The third was the cup of inheritance. At the end of the meal only the bride and bridegroom drank from this cup, indicating full acceptance of the marriage contract and sealing their relationship as future husband and wife. This was the moment when the girl became bride. Young men of the family would then go out into the streets to blow their rams horn trumpets (shofars), announcing to the entire community that the marriage contract (betrothal) has been concluded. From this moment onwards the couple belonged to one another and also owned a shared inheritance. If either one should die the survivor would inherit the deceased partner’s possessions, even though the marriage was not finally consummated yet. The marriage contract between them was binding and could only be broken under extreme conditions, e.g. by adultery. Joseph and Mary were such a betrothed couple when he planned to divorce her because of supposed unfaithfulness to him: “When… Mary had been promised in marriage to Joseph, before they came together she was found to be pregnant [through the power of] the Holy Spirit. And her [promised] husband Joseph, being a just and upright man and not willing to expose her publicly and shame and disgrace her, decided to… divorce her quietly and secretly” (Matt. 1:18-19; Amplified Bible).

When the marriage contract had been accepted and the couple drank from the third cup, the bridegroom gave gifts to his bride and also promised that he would come and take her to be with him after he had prepared a place for her at his father’s house. The bride, in the mean time, occupied herself with preparations for her married life. In her room she had an oil lamp which was to be kept burning during the evenings. Care had to be taken that she would always have enough oil in order that her lamp would not go out when the bridegroom comes for her. When going out into the streets during daytime she was always veiled to indicate that she was purchased at a price and already belonged to a man.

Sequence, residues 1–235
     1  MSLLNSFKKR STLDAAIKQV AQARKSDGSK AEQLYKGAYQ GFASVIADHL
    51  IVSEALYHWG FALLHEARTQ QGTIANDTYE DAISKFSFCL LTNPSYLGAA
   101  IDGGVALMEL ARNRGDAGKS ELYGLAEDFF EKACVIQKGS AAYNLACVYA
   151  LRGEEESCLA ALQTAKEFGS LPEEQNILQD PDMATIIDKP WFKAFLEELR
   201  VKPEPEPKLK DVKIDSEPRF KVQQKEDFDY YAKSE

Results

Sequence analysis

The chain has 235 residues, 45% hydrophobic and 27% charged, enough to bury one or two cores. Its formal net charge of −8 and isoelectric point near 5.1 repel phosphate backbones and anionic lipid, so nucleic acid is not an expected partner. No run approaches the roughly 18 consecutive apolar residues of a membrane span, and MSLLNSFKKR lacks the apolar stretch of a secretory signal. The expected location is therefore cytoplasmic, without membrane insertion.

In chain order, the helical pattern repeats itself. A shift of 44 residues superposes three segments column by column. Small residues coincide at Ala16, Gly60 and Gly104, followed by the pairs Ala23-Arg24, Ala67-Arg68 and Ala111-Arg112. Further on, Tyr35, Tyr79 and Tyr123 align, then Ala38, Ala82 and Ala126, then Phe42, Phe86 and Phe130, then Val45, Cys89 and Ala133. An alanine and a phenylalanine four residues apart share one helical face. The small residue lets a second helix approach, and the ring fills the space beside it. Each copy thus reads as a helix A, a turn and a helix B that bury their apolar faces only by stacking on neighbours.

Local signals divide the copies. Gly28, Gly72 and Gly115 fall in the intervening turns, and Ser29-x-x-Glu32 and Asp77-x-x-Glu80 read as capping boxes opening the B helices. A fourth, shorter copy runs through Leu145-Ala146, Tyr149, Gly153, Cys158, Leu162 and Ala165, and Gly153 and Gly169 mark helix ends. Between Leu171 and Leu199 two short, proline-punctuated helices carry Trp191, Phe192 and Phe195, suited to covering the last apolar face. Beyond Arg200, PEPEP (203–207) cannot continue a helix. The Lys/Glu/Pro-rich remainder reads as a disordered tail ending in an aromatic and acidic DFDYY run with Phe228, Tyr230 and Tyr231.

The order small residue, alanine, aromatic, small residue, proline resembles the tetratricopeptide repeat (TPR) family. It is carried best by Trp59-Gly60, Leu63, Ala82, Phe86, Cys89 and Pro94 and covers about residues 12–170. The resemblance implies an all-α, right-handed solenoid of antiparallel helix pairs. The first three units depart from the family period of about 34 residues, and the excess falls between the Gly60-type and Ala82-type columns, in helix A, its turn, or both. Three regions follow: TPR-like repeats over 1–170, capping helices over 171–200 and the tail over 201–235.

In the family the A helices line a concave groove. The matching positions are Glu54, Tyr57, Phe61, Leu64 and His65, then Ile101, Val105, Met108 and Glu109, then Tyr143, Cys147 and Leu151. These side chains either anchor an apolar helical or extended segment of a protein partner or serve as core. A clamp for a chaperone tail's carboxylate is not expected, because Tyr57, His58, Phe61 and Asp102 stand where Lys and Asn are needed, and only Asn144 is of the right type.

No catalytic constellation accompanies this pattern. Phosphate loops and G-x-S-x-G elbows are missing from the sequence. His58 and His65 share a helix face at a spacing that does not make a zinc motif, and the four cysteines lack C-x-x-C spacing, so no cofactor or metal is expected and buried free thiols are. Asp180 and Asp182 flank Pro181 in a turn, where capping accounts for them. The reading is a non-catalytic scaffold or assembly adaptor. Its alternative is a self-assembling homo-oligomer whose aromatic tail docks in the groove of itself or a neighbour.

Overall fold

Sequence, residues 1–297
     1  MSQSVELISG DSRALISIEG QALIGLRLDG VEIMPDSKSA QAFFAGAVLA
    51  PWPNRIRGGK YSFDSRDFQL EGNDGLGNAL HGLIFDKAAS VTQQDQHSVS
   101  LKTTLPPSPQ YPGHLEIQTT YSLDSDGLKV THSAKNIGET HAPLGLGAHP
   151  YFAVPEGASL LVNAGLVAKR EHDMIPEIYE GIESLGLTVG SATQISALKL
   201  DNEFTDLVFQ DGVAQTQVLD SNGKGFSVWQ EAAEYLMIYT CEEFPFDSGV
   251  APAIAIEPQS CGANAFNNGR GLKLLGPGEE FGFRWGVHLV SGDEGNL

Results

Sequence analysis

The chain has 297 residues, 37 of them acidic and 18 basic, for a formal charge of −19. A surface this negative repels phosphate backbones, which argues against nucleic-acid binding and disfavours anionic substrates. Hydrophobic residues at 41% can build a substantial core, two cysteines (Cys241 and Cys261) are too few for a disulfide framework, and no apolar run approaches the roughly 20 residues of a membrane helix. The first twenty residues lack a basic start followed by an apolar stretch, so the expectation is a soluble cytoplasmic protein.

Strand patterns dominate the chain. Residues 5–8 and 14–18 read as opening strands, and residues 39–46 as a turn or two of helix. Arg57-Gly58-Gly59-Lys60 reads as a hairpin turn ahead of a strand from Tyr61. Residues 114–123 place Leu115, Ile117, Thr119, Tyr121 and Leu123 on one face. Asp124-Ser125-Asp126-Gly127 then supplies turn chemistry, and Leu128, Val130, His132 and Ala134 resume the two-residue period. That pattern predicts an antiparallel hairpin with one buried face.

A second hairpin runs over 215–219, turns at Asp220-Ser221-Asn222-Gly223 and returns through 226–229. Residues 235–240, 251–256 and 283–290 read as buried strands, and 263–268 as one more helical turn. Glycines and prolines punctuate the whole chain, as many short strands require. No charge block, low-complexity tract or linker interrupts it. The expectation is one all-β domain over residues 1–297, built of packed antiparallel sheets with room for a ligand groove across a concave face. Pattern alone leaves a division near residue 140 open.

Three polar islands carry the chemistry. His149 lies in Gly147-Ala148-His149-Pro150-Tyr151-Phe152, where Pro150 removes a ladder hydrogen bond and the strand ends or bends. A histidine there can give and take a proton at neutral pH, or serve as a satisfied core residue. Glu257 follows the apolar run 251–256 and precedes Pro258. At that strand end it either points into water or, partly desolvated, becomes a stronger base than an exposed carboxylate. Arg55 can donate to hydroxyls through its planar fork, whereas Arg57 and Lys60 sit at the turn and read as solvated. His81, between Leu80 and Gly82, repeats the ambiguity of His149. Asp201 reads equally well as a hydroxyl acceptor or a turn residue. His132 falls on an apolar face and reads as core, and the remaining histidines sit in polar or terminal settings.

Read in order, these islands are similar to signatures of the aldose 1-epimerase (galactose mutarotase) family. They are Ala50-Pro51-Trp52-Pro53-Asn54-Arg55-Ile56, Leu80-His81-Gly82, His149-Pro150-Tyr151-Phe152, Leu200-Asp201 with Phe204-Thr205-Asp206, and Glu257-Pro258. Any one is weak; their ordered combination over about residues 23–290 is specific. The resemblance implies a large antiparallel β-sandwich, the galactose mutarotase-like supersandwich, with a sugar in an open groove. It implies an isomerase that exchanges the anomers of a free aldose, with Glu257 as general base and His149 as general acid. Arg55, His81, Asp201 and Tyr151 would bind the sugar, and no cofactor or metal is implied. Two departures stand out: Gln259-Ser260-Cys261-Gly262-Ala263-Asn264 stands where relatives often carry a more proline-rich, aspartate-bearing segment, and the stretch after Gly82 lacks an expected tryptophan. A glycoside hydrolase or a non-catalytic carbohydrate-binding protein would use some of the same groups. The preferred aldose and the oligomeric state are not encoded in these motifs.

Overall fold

During this time the bridegroom prepared a suitable place at his father’s house, which often only consisted of one room. It was known as the bridal room (Heb. huppah). His father first had to express his satisfaction with the room before the bridegroom was allowed to fetch his bride. If anyone asked the bridegroom when he would bring his bride he always replied that only his father knew on which day that would happen.

The bridegroom came for his bride in the evening or at night – usually between six o’clock and midnight. When he and his friends got close to the bride’s house they would give a loud shout and blow on the shofar to let the bride and her maids know to come out immediately to meet the groom outside along the road. Those who did not have enough oil at that critical moment were late for their appointment and remained behind.

It sometimes happened that the bride lost interest in the consummation of the marriage, possibly because of unfaithfulness towards her groom, and consequently discontinued her preparations to meet him. In that case she would not have a burning lamp. When, on arrival, the groom noticed that her room was dark, he returned to his home, leaving her in the darkness. The bride-price then had to be returned to him. If it was revealed that the bride had committed adultery during his absence she was guilty under penalty of death.